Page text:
Welcome to Psychology Roots Community. We glad to see you here.
07 April in the History of Psychology
On April 7:
1849 — Pennsylvania Governor William F. Johnson laid the cornerstone of the Pennsylvania State Lunatic Hospital, although preliminary work had begun in 1848. The hospital's board of trustees first met on February 14, 1851, and elected John Curwen to be superintendent, with a salary of $1500 per year. The first patient, Elizabeth B. of Londonderry, was admitted on October 6, 1851. The hospital is now named Harrisburg State Hospital.
1859 — Jacques Loeb was born. Loeb applied the concept of orienting responses of plants, called tropisms, to animal behavior, resulting in a mechanistic explanation of animal behavior. His work was summarized in his books The Mechanistic Conception of Life (1912) and Forced Movements, Tropisms, and Animal Conduct (1918). Comparative psychology was strongly influenced by Loeb's work.
1884 — Bronislaw Malinowski was born. Malinowski's studies in cultural anthropology contributed to the psychological appreciation of the importance of social influences on behavior and moral judgment.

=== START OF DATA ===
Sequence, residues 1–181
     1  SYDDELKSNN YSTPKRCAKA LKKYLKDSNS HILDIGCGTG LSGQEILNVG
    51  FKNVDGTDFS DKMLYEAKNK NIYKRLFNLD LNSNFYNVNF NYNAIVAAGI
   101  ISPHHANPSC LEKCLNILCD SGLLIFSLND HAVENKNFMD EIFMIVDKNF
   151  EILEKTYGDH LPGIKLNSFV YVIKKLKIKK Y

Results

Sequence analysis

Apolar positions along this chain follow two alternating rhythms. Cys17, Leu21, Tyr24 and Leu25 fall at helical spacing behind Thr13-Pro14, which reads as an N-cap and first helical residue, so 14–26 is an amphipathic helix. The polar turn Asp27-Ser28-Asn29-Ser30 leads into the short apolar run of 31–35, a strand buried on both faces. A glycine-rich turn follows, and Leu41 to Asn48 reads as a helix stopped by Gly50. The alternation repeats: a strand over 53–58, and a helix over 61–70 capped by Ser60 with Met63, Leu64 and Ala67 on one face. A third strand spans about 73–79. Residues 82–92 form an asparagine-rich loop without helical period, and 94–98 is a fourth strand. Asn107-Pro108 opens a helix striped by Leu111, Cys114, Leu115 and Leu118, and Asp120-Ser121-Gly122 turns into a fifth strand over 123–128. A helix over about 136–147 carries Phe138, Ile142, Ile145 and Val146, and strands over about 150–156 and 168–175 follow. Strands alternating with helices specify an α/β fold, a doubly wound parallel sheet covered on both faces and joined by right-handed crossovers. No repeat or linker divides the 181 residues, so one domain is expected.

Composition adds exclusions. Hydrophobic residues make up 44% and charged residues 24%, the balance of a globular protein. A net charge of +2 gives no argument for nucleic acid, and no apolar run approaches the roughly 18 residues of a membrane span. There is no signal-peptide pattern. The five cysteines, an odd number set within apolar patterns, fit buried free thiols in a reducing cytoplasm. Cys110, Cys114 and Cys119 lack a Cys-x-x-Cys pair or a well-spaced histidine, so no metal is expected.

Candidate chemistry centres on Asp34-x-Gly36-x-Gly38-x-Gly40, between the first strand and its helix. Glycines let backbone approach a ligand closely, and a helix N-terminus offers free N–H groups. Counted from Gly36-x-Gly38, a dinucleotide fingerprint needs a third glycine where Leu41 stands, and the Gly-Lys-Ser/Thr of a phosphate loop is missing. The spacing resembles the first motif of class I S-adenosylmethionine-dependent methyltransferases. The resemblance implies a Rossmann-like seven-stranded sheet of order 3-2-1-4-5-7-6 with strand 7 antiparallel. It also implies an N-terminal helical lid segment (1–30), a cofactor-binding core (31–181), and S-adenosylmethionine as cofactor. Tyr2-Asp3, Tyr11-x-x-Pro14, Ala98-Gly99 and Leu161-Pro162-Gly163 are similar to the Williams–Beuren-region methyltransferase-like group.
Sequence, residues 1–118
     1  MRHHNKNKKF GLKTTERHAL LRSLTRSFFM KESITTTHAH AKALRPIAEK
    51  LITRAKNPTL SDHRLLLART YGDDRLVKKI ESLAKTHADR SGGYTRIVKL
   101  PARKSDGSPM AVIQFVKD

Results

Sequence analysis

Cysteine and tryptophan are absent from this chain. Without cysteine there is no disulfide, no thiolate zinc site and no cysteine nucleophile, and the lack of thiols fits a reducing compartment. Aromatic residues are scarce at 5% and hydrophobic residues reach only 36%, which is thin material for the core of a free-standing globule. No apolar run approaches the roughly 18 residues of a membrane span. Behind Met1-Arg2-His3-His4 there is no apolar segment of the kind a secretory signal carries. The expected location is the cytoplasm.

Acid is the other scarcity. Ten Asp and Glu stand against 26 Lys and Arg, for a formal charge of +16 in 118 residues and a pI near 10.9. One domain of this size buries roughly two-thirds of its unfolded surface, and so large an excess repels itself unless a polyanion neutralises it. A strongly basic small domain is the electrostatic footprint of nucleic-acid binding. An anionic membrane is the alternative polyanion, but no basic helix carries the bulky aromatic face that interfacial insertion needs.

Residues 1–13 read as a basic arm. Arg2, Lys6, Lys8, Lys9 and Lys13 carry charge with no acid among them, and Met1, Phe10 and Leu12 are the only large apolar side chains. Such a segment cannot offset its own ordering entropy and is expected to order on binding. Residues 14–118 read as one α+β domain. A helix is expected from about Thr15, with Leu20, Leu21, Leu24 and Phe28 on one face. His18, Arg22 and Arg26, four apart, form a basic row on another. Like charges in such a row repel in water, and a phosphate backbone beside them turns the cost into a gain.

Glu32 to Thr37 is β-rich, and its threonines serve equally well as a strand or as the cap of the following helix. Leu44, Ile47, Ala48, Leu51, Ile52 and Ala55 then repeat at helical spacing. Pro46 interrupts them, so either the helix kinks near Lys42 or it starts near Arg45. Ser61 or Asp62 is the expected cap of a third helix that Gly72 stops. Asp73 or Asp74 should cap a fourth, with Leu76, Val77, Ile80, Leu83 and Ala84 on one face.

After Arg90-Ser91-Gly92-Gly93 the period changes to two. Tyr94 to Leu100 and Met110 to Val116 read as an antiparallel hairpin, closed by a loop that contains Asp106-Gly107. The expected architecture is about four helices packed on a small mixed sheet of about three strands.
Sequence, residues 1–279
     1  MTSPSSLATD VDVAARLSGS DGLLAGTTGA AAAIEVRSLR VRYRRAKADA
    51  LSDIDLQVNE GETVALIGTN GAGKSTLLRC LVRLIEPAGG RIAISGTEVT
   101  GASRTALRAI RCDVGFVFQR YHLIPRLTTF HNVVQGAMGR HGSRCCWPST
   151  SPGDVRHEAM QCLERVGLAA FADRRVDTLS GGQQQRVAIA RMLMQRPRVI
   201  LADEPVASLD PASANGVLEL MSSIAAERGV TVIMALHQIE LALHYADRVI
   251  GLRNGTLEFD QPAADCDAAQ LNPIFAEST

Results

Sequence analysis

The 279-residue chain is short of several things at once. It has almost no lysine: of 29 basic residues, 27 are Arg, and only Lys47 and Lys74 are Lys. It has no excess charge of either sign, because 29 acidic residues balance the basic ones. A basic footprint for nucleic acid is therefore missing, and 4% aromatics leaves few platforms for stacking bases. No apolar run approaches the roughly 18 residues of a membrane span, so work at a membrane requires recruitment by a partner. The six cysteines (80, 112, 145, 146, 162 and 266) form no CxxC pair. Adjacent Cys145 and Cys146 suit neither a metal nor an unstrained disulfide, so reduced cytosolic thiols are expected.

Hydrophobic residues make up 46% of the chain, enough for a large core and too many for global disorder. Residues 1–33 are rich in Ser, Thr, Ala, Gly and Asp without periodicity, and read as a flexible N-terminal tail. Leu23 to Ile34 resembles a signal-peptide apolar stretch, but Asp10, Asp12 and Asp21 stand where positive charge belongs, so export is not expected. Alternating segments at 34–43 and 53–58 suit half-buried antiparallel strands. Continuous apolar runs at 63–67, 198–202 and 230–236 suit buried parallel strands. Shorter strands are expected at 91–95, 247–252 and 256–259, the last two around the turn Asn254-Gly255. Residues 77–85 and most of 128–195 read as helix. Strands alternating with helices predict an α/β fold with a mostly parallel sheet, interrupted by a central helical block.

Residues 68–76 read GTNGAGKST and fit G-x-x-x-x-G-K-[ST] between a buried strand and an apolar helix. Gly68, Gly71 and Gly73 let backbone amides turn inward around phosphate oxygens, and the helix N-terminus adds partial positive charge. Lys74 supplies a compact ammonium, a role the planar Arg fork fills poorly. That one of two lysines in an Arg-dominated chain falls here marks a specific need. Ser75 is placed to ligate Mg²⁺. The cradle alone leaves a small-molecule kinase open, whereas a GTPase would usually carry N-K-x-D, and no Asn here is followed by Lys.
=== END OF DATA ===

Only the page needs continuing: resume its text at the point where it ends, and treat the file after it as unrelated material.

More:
1884 — G. Stanley Hall was given the title of Professor of Psychology and Pedagogics by the trustees of Johns Hopkins University.
1954 — The first meeting of the Christian Association for Psychological Studies was held in Grand Rapids, Michigan. The group's original name was the American Calvinistic Conference on Christianity, Psychology, and Psychiatry. The banquet fee for the first meeting was $1.75.
1956 — Jean Henri Fabre, a pioneer in ethology, was pictured on a postage stamp issued by France on this day.
1961 — The antidepressant drug Elavil (amitriptyline; Merck, Sharp, and Dohme) was approved for use by the U.S. Food and Drug Administration (FDA). Amitriptyline is a tricyclic antidepressant, affecting neurotransmission by inhibiting reuptake of norepinephrine and serotonin. Endep (Hoffman-LaRoche) is also amitriptyline and was approved by the FDA on May 12, 1975.
1970 — The drug Dalmane (flurazepam; Hoffman-LaRoche) was approved for use by the U.S. Food and Drug Administration. Flurazepam is a benzodiazepine used as an antianxiety agent and as a sedative.